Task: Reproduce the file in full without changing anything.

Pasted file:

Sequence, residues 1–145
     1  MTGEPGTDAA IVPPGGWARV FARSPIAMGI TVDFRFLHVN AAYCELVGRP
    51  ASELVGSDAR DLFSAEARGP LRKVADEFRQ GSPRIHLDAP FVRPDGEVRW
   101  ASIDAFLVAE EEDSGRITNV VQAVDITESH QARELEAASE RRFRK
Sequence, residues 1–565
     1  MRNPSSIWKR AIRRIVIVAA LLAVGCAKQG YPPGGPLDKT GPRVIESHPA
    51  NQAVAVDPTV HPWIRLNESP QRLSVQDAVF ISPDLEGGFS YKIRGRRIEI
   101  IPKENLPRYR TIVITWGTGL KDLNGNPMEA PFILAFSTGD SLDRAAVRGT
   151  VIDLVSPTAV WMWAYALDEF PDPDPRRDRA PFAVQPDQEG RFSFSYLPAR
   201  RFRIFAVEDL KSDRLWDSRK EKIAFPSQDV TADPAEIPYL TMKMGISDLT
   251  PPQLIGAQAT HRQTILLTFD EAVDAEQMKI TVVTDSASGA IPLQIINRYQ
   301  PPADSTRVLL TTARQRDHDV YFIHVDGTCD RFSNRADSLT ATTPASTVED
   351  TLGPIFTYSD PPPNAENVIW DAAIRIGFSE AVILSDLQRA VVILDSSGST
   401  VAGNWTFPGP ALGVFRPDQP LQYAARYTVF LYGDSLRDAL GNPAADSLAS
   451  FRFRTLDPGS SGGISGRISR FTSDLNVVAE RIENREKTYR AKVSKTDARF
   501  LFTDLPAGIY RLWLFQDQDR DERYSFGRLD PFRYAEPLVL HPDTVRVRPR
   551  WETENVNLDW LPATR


Sequence, residues 1–145
     1  MTGEPGTDAA IVPPGGWARV FARSPIAMGI TVDFRFLHVN AAYCELVGRP
    51  ASELVGSDAR DLFSAEARGP LRKVADEFRQ GSPRIHLDAP FVRPDGEVRW
   101  ASIDAFLVAE EEDSGRITNV VQAVDITESH QARELEAASE RRFRK
Sequence, residues 1–565
     1  MRNPSSIWKR AIRRIVIVAA LLAVGCAKQG YPPGGPLDKT GPRVIESHPA
    51  NQAVAVDPTV HPWIRLNESP QRLSVQDAVF ISPDLEGGFS YKIRGRRIEI
   101  IPKENLPRYR TIVITWGTGL KDLNGNPMEA PFILAFSTGD SLDRAAVRGT
   151  VIDLVSPTAV WMWAYALDEF PDPDPRRDRA PFAVQPDQEG RFSFSYLPAR
   201  RFRIFAVEDL KSDRLWDSRK EKIAFPSQDV TADPAEIPYL TMKMGISDLT
   251  PPQLIGAQAT HRQTILLTFD EAVDAEQMKI TVVTDSASGA IPLQIINRYQ
   301  PPADSTRVLL TTARQRDHDV YFIHVDGTCD RFSNRADSLT ATTPASTVED
   351  TLGPIFTYSD PPPNAENVIW DAAIRIGFSE AVILSDLQRA VVILDSSGST
   401  VAGNWTFPGP ALGVFRPDQP LQYAARYTVF LYGDSLRDAL GNPAADSLAS
   451  FRFRTLDPGS SGGISGRISR FTSDLNVVAE RIENREKTYR AKVSKTDARF
   501  LFTDLPAGIY RLWLFQDQDR DERYSFGRLD PFRYAEPLVL HPDTVRVRPR
   551  WETENVNLDW LPATR